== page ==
Microsoft Warns Of Toll Fraud Malware Scamming Android Users And Draining Wallets

microsoft wanrs toll fraud malware android news
Last month, we wrote about malicious Android apps containing a trojan that researchers have dubbed “SMSFactory.” This bit of malware exists to infect Android phones and conduct SMS billing fraud. SMSFactory uses SMS and phone permissions to regularly send premium text messages and make calls to premium numbers. Premium calls and texts add fees to phone bills, which customers have to pay at the end of their billing cycles. The victims of this kind of fraud end up paying more expensive phone bills, and the extra money is directed to the cybercriminals who own and operate the premium phone numbers.

SMSFactory isn’t the only malware that conducts this kind of fraud. SMSFactory has so far been found in malicious apps that must be side-loaded onto Android phones. However, bad actors have managed to sneak malicious apps bearing the Joker malware family into the Google Play Store time and time again since its first appearance in 2017. Among other malicious activities, Joker subscribes its victims to paid services via SMS.

microsoft wanrs toll fraud malware android billing process news
The Wireless Application Protocol billing process (source: Microsoft)

After years of Joker and other malware families afflicting Android users with expensive phone bills, Microsoft has published a lengthy and detailed breakdown of how these sorts of malware commit billing fraud. Malicious billing fraud of the kind conducted by SMSFactory and Joker relies on the Wireless Application Protocol (WAP). The WAP billing process has a one time password (OTP) safeguard to ensure that phone users mean to subscribe to premium services. However, this safeguard isn’t always present, and, even when it is, malware developers have figured out how to get around it.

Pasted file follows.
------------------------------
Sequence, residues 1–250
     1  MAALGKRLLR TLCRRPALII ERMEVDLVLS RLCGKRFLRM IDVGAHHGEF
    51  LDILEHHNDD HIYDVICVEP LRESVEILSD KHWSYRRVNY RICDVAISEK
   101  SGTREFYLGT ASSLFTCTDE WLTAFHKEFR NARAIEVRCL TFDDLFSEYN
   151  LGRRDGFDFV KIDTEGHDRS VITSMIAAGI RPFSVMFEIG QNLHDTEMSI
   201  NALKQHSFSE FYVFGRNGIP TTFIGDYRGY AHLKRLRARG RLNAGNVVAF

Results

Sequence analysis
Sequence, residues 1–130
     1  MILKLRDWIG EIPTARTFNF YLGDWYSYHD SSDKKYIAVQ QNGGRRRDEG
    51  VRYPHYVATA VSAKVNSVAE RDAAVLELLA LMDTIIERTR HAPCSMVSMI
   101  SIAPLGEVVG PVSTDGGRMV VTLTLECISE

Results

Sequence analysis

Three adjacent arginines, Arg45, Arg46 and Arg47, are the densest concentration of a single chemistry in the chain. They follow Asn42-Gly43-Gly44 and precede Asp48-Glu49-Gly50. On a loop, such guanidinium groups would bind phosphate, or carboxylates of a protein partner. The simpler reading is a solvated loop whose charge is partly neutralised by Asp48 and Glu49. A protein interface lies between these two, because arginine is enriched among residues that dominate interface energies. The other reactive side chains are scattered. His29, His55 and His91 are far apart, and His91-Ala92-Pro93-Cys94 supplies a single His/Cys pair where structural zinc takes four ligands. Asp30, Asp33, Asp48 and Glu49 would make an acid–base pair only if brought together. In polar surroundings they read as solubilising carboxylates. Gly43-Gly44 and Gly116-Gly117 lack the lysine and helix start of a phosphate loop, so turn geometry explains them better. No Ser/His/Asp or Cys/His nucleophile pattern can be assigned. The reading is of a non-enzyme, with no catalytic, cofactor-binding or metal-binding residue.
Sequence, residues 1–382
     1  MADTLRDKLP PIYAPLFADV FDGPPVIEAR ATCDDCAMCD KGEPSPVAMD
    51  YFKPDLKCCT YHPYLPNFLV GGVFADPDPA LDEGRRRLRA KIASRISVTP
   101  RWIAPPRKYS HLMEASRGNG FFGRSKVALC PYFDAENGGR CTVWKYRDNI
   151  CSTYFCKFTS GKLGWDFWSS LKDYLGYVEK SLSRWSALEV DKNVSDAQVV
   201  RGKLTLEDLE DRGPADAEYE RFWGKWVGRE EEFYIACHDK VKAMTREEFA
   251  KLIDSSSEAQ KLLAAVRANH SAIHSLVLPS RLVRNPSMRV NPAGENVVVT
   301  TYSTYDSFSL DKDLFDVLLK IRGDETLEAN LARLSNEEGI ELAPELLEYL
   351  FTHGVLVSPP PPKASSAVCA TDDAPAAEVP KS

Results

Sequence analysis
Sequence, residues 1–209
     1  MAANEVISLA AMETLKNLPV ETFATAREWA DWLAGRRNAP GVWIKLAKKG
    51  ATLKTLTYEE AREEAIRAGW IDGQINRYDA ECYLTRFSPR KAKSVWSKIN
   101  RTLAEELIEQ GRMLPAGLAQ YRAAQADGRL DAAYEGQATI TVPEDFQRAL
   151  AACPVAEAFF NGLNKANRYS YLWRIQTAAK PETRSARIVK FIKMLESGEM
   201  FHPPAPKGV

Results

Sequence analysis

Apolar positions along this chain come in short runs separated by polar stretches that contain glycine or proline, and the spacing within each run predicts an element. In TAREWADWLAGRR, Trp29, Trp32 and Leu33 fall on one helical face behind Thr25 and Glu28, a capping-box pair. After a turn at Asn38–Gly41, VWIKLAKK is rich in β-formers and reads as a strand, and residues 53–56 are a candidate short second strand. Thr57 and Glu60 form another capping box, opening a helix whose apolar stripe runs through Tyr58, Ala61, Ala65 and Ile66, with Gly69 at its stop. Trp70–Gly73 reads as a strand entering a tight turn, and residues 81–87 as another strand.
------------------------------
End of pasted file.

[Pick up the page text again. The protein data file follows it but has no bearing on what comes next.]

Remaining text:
According to Microsoft, the malware attack chain usually begins with the malware either disabling the Wi-Fi connection or waiting for the user to switch from Wi-Fi to mobile data. Once the infected phone is connected to a mobile network, the malware navigates to a premium service subscription page, and injects javascript into the page that clicks the subscription button. If the WAP OTP safeguard applies, then the malware intercepts the OTP that’s sent over text, sends the OTP to the service provider, and finishes by canceling the SMS notifications that might alert the victim to the unauthorized premium subscription.

This automated subscription process is a pretty devilish way to commit fraud, but Microsoft has some suggestions for avoiding the malware that carries out this fraud. The company’s 365 Defender Research Team recommends that users stick to installing apps from the Google Play Store or other trusted sources and avoid giving apps SMS permissions, notification listener access, or accessibility access without understanding why the apps need these permissions. The team also suggests using a trusted anti-virus solution and retiring phones that are no longer receiving updates.